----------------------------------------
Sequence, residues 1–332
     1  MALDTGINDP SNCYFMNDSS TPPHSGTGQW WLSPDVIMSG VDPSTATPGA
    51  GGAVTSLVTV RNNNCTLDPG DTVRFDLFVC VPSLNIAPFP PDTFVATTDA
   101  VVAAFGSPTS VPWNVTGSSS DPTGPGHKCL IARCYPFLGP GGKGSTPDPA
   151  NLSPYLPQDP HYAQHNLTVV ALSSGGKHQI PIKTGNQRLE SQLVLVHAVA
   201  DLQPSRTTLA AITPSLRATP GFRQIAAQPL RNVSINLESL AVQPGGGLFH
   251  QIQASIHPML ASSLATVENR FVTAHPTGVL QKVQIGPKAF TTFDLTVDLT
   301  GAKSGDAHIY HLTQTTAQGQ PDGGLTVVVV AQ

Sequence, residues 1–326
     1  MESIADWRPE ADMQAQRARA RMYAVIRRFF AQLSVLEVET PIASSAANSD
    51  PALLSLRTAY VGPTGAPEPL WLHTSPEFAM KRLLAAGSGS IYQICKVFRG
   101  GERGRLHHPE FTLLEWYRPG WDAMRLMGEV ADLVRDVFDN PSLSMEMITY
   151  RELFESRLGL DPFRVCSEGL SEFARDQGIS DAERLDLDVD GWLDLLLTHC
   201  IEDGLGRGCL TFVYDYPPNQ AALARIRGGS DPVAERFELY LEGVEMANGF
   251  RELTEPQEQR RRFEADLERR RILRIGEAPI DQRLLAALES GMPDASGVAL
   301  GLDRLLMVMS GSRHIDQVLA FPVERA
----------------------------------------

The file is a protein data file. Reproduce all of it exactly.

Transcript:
Sequence, residues 1–332
     1  MALDTGINDP SNCYFMNDSS TPPHSGTGQW WLSPDVIMSG VDPSTATPGA
    51  GGAVTSLVTV RNNNCTLDPG DTVRFDLFVC VPSLNIAPFP PDTFVATTDA
   101  VVAAFGSPTS VPWNVTGSSS DPTGPGHKCL IARCYPFLGP GGKGSTPDPA
   151  NLSPYLPQDP HYAQHNLTVV ALSSGGKHQI PIKTGNQRLE SQLVLVHAVA
   201  DLQPSRTTLA AITPSLRATP GFRQIAAQPL RNVSINLESL AVQPGGGLFH
   251  QIQASIHPML ASSLATVENR FVTAHPTGVL QKVQIGPKAF TTFDLTVDLT
   301  GAKSGDAHIY HLTQTTAQGQ PDGGLTVVVV AQ

Sequence, residues 1–326
     1  MESIADWRPE ADMQAQRARA RMYAVIRRFF AQLSVLEVET PIASSAANSD
    51  PALLSLRTAY VGPTGAPEPL WLHTSPEFAM KRLLAAGSGS IYQICKVFRG
   101  GERGRLHHPE FTLLEWYRPG WDAMRLMGEV ADLVRDVFDN PSLSMEMITY
   151  RELFESRLGL DPFRVCSEGL SEFARDQGIS DAERLDLDVD GWLDLLLTHC
   201  IEDGLGRGCL TFVYDYPPNQ AALARIRGGS DPVAERFELY LEGVEMANGF
   251  RELTEPQEQR RRFEADLERR RILRIGEAPI DQRLLAALES GMPDASGVAL
   301  GLDRLLMVMS GSRHIDQVLA FPVERA